OAuth 2.0 is the industry-standard protocol for authorization. OAuth 2.0 supersedes the work done on the original OAuth protocol created in 2006.
The OAuth 2.0 authorization framework enables a third-party application to obtain limited access to an HTTP service, either on behalf of a resource owner by orchestrating an approval interaction between the resource owner and the HTTP service, or by allowing the third-party application to obtain access on its own behalf.
1. Simple Login : Form-based Authentication
- Ensuring security of each login activity
- Maintaining the forms , hashing algorithms , cookies , session variables etc.
2. Single-Sign On : SAML (Security Assertion Markup Language)
Security Assertion Markup Language is an open standard for exchanging authentication and authorization data between parties, in particular, between an identity provider and a service provider. SAML is an XML-based markup language for security assertions.
3. Delegated Authorisation
Allowing other websites to access a resource owner’s data stored in some other website without giving the Password .
Earlier Solutions for Delegated Authorization
This is an example in which Yelp wanted to solve the issue of delegated authorization and incorporated a method with which a user could let Yelp access some part of his/her data from his preferred mail ID by entering their mail ID and Password for the same.
This is an example in which Facebook wanted to solve the issue of delegated authorization and incorporated a method with which a user could let Facebook access some part of his/her data from his preferred mail ID by entering their mail ID and Password for the same.
Issues with Earlier Solutions
In the shown cases , a user will have to just trust Yelp or Facebook, and believe that they keep his/her mail ID and password safe and also that they do not access any other information except what they asked for.
These were insecure and bad ways to implement delegated authorization and left the user’s credentials as well as his/her account at risk always.
Solutions for Delegated Authorization Today
In the given example , the user is asking Google to allow Yelp/Facebook to access only his contacts using Google APIs.
Here , after authenticating the user , Google API will grant access of the user’s contacts to Yelp/Facebook.
A Real Life Example
The following is a real life examples which involve a secure implementation of delegated authorisation.
Here , Spotify wants to access some of the user’s Facebook data.
OAuth 2.0 Terminology
Taking an example of a user trying to login into LinkedIn using Gmail(Google) API and credentials-
- Resource Owner : The user who is interacting with the application (the user owns the data the application wants to get to)
- Client : The application with which the user is interacting directly (LinkedIn)
- Authorization Server : The server which is used to Authorize the request sent by the client for the user’s data (Gmail)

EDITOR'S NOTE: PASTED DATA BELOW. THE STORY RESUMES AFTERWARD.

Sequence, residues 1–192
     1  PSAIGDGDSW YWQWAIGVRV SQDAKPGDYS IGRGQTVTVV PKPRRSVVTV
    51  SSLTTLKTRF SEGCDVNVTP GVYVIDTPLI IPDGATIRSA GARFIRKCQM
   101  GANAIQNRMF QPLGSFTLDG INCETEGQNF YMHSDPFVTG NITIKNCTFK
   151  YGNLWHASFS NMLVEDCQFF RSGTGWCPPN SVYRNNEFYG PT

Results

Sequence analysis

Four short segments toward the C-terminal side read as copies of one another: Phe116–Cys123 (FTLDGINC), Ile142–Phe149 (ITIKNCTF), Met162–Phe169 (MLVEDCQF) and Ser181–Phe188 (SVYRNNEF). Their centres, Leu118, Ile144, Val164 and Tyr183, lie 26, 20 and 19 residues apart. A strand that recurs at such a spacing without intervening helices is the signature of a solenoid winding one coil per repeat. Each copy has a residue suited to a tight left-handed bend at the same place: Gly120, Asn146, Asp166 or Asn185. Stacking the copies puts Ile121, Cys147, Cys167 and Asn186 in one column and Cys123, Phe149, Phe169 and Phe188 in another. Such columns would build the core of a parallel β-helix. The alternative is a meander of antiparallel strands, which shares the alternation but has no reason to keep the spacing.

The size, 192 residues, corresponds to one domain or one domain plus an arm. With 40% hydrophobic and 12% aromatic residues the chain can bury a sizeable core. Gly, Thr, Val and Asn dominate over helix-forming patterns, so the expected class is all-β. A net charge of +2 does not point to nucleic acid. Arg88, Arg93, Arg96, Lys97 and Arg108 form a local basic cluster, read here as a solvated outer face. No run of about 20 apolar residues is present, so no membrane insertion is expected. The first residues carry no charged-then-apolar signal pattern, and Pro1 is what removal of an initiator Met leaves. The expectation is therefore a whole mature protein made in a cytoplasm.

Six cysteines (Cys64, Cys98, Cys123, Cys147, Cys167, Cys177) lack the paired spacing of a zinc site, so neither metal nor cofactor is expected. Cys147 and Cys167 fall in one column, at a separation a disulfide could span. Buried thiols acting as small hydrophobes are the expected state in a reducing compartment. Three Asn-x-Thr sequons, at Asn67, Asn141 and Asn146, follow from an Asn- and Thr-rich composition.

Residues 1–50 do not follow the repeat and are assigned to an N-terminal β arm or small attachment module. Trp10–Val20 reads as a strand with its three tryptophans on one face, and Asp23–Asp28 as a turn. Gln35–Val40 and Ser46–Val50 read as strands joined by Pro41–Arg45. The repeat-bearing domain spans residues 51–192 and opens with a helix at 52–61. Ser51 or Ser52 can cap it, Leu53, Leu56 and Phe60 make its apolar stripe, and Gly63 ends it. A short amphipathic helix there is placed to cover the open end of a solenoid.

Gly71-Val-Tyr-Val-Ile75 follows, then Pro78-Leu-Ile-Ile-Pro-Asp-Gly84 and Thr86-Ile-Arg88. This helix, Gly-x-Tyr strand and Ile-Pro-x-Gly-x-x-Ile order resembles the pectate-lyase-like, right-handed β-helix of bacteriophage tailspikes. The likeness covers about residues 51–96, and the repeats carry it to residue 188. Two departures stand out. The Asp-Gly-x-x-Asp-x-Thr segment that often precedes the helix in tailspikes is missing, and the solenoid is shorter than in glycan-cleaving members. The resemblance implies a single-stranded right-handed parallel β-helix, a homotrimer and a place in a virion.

- Resource Server : The API or the system that actually holds the client’s data (Gmail API )
- Authorization Grant : The entity that proves that permission is granted to the client by the Authorization Server
- Redirect URI : After the Authorization Grant is given by the Authorization Server , it is sent to the client , to the callback address provided by the client , this callback is sometimes known as Redirect URI
- Access Token : It is the key used by the client to access the resources it has been granted access to , at the Resource Server
There are two types of channels by which the whole process occurs.
- Front Channel : It is the initial (not so secure) channel between the user’s browser side client and the Authorisation Server.
- Back Channel : It is the highly secure channel between the Client’s Server and the Authorization Server and the Client’s Server and the Resource Server.
OAuth defines two client types, based on their ability to authenticate securely with the authorization server (i.e., ability to maintain the confidentiality of their client credentials):
Confidential: Clients capable of maintaining the confidentiality of their credentials (e.g., client implemented on a secure server with restricted access to the client credentials), or capable of secure client authentication using other means.
Public: Clients incapable of maintaining the confidentiality of their credentials (e.g., clients executing on the device used by the resource owner, such as an installed native application or a web browser-based application), and incapable of secure client authentication via any other means.
The authorization process utilizes two authorization server endpoints (HTTP resources):
Authorization endpoint — used by the client to obtain authorization from the resource owner via user-agent redirection.
Token endpoint — used by the client to exchange an authorization grant for an access token, typically with client authentication.
As well as one client endpoint:
Redirection endpoint — used by the authorization server to return responses containing authorization credentials to the client via the resource owner user-agent.
Simple Representation of OAuth 2.0 in Action
- Yelp/Facebook wants to access the user’s gmail contacts, so they give an option to do so using Google’s API